U.S. Fed’s rate hike and the big market rally this week
May 5 2022 - Team Stockal
The benchmark U.S. stock indexes rallied on Wednesday’s trade after the Federal Reserve raised rates (Federal Funds rate) by 50 basis points. Tech heavy Nasdaq Composite, which saw significant correction this year was up over 3% on Wednesday’s trade after opening lower. The S&P 500 index too rallied to close 3% higher, and so did the Dow Jones Index ending in positive territory.
Fed raises its Federal Funds rate by half a percentage point, its largest increase since 2000
The major U.S. indexes surged to their highs after Chairman Powell’s comments which saw a sharp rally in stocks across sectors. The hike in rates by 50 basis points was largely expected by markets yesterday, and the Fed Chief gave clarity and a road map for the future rate hikes. Markets cheered the forward guidance of the Fed’s next rate hikes, and Chairman Powell also announced that the Fed was not considering raising rates by 75 basis points. Instead, they laid the roadmap for two more rate hikes in the upcoming FOMC’s meet by 50 basis points each.
All the 11 S&P 500 sectors were positive
On Wednesday, stocks rallied across the board after the Fed ruled out any larger interest rate hikes and focused more on soft landing without severely impacting the markets or inducing a recession. Energy sector saw its largest gains along with Financials and beaten-down Tech stocks which were big winners too. Big banks like Bank of America and Wells Fargo saw gains of over 4% and Tech stocks which have been under pressure were trading higher too with gains of 5% on Meta Platforms (FB) and Apple stock gaining over 3% in yesterday’s trade.
Fed Chair’s outcome of the Press Conference and the FOMC meet this week
- The Fed Reserve raised rates by 50 basis points in its FOMC meet yesterday.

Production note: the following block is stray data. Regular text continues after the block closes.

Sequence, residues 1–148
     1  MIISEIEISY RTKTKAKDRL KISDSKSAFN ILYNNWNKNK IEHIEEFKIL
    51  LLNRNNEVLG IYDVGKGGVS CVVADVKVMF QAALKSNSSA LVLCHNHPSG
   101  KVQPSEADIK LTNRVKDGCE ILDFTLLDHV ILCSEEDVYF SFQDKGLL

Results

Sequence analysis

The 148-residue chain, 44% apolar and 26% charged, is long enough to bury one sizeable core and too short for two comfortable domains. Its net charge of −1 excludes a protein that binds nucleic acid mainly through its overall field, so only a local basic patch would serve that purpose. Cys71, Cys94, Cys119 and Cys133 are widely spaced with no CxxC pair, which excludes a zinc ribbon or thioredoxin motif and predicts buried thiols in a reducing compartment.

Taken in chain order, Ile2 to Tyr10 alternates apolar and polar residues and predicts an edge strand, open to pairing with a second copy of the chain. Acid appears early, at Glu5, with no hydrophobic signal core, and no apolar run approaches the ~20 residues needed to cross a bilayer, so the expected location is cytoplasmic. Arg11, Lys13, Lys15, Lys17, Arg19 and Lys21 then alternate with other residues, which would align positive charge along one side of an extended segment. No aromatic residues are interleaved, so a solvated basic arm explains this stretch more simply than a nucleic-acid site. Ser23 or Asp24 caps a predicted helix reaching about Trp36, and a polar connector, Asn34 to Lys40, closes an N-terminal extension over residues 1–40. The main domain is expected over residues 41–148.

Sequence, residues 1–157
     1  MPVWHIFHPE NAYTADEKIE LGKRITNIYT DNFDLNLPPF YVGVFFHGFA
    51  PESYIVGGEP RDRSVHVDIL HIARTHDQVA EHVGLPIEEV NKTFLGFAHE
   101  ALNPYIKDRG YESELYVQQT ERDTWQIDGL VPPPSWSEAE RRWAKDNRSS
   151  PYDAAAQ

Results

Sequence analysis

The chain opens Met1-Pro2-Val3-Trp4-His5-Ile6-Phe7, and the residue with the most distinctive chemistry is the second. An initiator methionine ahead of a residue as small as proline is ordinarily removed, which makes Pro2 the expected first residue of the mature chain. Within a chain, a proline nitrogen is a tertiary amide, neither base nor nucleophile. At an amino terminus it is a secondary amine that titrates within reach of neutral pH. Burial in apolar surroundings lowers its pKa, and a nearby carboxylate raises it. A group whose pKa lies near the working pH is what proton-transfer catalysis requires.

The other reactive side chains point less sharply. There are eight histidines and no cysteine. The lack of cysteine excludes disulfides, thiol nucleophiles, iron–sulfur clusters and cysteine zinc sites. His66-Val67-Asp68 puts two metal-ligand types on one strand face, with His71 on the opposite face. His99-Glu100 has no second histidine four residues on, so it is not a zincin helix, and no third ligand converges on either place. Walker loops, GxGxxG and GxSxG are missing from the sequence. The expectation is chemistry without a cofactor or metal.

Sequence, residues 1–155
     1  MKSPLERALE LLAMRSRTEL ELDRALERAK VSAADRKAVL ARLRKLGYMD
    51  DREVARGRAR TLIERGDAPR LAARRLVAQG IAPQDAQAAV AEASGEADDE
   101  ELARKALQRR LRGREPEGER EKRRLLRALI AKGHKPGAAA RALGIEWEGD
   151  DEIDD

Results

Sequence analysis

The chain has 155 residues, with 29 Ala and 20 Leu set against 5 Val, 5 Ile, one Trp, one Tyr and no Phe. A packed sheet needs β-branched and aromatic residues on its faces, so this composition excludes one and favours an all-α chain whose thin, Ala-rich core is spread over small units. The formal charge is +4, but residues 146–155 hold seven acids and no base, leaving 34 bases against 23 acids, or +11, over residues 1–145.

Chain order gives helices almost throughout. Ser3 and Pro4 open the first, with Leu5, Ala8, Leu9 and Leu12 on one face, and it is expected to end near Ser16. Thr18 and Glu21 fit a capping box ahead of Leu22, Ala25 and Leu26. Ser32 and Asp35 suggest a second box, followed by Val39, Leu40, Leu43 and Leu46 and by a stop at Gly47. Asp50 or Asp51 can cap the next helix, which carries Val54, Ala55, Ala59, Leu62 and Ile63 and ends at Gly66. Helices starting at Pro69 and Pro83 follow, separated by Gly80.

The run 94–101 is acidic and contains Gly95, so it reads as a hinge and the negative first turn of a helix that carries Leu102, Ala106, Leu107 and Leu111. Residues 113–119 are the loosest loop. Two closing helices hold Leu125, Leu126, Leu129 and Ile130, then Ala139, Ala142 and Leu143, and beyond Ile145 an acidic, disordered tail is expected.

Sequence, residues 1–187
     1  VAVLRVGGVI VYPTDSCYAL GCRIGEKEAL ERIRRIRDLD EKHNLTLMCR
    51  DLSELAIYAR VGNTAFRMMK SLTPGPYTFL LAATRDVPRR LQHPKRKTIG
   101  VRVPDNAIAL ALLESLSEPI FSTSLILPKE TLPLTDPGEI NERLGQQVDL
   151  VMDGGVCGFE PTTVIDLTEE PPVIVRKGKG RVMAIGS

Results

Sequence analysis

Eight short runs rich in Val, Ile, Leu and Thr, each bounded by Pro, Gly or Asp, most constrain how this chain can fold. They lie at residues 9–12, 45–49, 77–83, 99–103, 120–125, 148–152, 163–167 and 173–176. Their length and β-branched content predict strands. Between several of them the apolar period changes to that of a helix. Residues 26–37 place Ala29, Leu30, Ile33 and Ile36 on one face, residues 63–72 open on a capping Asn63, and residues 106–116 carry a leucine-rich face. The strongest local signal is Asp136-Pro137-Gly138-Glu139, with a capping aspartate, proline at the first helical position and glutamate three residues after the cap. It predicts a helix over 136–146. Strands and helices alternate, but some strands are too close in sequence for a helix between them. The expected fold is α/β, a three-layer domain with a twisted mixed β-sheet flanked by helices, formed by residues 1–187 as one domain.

- Likely to Shrink its Balance sheet (quantitative tightening) starting in June by allowing securities to mature without reinvestment.
- Fed to allow up to $60 billion in Treasury debt to expire each month along with $35 billion in mortgage-backed debt and the plan will be fully phased in as of September this year.
- The Fed is not considering raising rates by 75 basis points but will likely raise by 50 basis points in the upcoming two meetings.
- Markets seem to be well prepared for the rate hikes and the economy has shown continued strength in terms of improved labour market and improved unemployment numbers.
- Fed expressed its intent to raise rates in a gradual manner with a soft landing without drastically impacting the markets and being watchful of the economy not heading towards a recession.
- Rates were increased largely to tackle the higher inflationary numbers which has seen a spike in the recent months impacted by the geopolitical tensions in Europe (causing food and other commodity prices to move higher along with the crude oil prices which added up to the higher inflation numbers).
On the domestic front, Reserve Bank of India (RBI) announced an unscheduled hike in rates
On the domestic front, the Reserve Bank of India (RBI) also raised its Repo Rate (benchmark lending rate) by 40 basis points to 4.4% and the Cash Reserve Ratio (CRR) (minimum share of deposits which banks have to keep with the RBI) by 50 basis points to 4.5% in an attempt to contain inflation which has remained high above the target zone of 6% for the last three months.
Investors lose over six lakh crores on the Domestic markets post the RBI’s rate hikes
However, unlike the U.S. markets, there was a knee-jerk reaction in the Indian markets yesterday and saw some huge sell-offs (both benchmark indexes Nifty and Sensex correcting almost 2.5% on Wednesday’s trade) and investors lost over six lakh crores in Wednesday’s trading post the RBI’s hike in interest rates. The negative reaction was largely because the hike in rates came in as a surprise move by the Indian Monetary Policy Committee (MPC) and the markets were not prepared for this. There seemed no clarity and transparency in the RBIs move as they had earlier announced that the rate hikes would likely come in by June next month.
To conclude, governments and central banks across the world are gradually pulling back on the monetary support which the economies were cushioned with during the pandemic. Policy makers and central banks continue to face several headwinds in terms of higher inflation, geopolitical tensions and GDP downgrades across the world. However Fed Chair in its FOMC meet yesterday clearly reinforced to investors that there is no need to panic as yet as the U.S. economy continues to depict strength in terms of both consumer spending and improved labour market.